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Day 65: São Paulo

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With Isay Weinfeld, top hotel designer, and the wall that shows the several stages of São Paulo security.
Michael Palin - BrazilI'm beginning to get the distinct feeling now of the difference that others have pointed out between Brazil's two biggest cities. Rio is indeed an outdoor, street-life town. A playground, by comparison to São Paulo. Rio is blessed by the rolling ocean; São Paulo, though only seventy kilometres (forty-three miles) from the Atlantic, is around 800 metres above it, on the cooler, cloudier plateau. In Rio the footwear of choice is flip-flops. I haven't seen a single pair up here. One thing that Paulistas believe makes a big difference between the two is in the sphere of politics and ideas. Perhaps it's because it's less sensually distracting that São Paulo is more conducive to intellectual activity.

Fernando Henrique Cardoso, one of the most significant figures of modern Brazil, and recently voted one of the world's top hundred living intellectuals, has chosen São Paulo to set up an institute in his name where the important issues facing the country can be discussed, researched and debated. Apart from being a prominent intellectual, he's also one of a group called the Elders, independent international wise men brought together by Nelson Mandela 'to promote the shared interests of humanity'. He served two terms as President of Brazil and is credited with turning round the economy and building the foundations for all the progress the country has made since the bad old days of hundred percent inflation. He's agreed to meet me at his institute, in a tall building at the heart of downtown São Paulo, adjacent to City Hall.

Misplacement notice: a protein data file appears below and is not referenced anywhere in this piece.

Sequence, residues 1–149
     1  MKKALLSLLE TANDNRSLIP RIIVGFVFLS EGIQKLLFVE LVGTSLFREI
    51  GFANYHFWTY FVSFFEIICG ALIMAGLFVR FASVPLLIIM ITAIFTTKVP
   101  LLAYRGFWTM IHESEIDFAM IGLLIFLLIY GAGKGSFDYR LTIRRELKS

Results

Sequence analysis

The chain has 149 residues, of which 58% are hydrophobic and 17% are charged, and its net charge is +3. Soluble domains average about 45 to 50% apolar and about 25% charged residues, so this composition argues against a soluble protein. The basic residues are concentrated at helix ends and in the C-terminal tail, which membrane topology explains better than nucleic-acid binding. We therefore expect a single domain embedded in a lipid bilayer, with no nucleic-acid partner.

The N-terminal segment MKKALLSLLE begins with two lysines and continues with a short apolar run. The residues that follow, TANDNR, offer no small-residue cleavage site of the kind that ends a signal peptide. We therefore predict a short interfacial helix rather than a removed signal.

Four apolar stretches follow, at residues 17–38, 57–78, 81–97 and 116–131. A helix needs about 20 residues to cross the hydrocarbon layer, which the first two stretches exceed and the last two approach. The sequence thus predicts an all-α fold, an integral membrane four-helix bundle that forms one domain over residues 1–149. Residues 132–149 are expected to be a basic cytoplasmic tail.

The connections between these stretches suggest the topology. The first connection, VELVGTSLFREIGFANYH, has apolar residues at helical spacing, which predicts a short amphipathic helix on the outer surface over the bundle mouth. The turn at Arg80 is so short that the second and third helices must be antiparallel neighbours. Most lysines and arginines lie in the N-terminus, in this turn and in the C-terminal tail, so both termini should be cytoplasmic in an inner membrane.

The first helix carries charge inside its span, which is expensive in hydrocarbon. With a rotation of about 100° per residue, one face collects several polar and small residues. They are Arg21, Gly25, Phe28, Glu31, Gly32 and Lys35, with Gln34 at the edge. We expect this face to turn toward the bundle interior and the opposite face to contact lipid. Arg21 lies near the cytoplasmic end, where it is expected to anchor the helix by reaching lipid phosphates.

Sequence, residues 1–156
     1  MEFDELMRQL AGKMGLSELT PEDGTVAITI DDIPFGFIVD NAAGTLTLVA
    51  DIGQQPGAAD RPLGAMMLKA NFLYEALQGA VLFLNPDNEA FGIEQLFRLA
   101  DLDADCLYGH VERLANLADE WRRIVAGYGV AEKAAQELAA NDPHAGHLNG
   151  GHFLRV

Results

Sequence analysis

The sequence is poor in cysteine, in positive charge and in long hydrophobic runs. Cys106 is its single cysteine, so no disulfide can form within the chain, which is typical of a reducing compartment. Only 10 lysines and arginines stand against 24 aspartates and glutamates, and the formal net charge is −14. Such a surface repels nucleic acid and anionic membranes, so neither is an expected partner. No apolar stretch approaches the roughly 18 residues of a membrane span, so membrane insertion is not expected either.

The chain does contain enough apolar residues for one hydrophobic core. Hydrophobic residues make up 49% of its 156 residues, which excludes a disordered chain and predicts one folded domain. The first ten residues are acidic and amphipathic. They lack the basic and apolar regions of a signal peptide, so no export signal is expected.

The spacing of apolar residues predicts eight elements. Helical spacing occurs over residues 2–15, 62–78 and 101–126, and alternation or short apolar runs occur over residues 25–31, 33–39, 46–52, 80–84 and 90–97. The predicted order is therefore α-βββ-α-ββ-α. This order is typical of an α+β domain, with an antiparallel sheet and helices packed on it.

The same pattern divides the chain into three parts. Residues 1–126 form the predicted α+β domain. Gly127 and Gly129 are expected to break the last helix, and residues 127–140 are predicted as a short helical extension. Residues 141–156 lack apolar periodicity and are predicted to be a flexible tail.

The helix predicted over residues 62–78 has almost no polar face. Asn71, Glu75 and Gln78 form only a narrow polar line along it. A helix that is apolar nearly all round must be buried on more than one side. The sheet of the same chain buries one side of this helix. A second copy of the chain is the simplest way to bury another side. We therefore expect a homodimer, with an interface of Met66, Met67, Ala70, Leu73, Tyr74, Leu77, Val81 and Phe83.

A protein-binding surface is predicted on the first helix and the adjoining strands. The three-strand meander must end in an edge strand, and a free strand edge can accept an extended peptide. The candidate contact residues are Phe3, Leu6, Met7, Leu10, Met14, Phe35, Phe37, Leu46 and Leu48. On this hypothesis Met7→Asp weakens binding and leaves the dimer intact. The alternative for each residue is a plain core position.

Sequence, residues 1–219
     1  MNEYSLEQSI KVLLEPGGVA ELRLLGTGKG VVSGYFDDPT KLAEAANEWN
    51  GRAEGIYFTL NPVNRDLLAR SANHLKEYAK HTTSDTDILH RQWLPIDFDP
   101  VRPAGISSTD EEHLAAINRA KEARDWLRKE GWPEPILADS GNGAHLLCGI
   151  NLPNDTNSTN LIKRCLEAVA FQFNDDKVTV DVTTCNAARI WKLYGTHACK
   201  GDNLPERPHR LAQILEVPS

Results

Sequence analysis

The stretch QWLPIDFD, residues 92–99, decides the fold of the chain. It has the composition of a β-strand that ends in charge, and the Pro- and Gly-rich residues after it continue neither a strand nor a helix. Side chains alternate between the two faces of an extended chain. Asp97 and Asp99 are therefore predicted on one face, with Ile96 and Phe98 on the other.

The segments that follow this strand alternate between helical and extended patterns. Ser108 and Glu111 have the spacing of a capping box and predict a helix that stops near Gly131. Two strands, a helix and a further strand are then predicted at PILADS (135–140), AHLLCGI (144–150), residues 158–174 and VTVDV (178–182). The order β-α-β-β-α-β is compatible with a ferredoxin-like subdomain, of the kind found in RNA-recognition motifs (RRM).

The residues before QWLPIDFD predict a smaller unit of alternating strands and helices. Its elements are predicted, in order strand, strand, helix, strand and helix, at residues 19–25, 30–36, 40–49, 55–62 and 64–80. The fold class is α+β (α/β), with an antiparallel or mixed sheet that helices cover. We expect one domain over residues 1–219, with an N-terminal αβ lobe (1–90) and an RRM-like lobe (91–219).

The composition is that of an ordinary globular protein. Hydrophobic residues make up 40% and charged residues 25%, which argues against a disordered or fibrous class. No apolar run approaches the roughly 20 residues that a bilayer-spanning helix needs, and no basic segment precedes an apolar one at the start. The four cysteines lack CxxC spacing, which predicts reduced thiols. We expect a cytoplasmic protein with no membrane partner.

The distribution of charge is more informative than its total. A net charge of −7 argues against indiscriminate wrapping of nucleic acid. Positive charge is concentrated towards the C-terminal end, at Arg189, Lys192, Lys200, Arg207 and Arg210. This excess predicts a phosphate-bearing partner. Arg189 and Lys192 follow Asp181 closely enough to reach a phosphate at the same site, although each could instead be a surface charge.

The lift delivers us to a spacious open reception area on the sixth floor, furnished in the minimal-traditionalist style. It was once the home of the Automobile Club of São Paulo, from which it inherited a solidly elegant wooden bar with a long granite counter, as well as a shoe-shine chair, grandfather clocks, cane-bottomed chairs and a fine timber floor. Grafted onto this, very successfully, are glass-walled meeting rooms where young, bearded men are hunched over tables, deep in discussion. Cardoso, known to everyone by his initials, FHC, is eighty-one and just returned from a trip to Europe. He sits opposite me at the table, and I'm immediately put at ease. There is no power-play here, and none of the sense of self-importance that many lesser men than he can convey.

He's just short of medium height, neatly dressed, sandy-haired, bespectacled and compact. In his eyes there's both warmth and wariness. I quote back to him a passage in his book The Accidental President in which he admits to conveniently becoming an avid football fan during the World Cup of 1994, which coincided with his campaign for the Presidency. He knew that he was perceived as a more distant, academic figure than his man-of-the-people opponent, Lula. Hence Cardoso made sure that he was seen jumping up and down in front of the television, applauding every Brazilian goal. It was a gamble which paid off. Brazil won the World Cup and Cardoso beat Lula to become President, a position he held for the next eight years.

He smiles at the memory and admits that he was worried at the time that he might be seen as too stiff.

In Brazil, he says, 'If you want to be respected you have to be informal.'
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Isay at the bar of the Fasano, the hotel he designed.
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  • Series: Brazil
  • Chapter: Day 65: São Paulo
  • Country/sea: Brazil
  • Place: São Paulo
  • Book page no: 277

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  • Miscellaneous
  • Day 3 
  • Around the World in 80 Days
  • Day 34 
  • Full Circle
  • Day 22 
  • Pole to Pole


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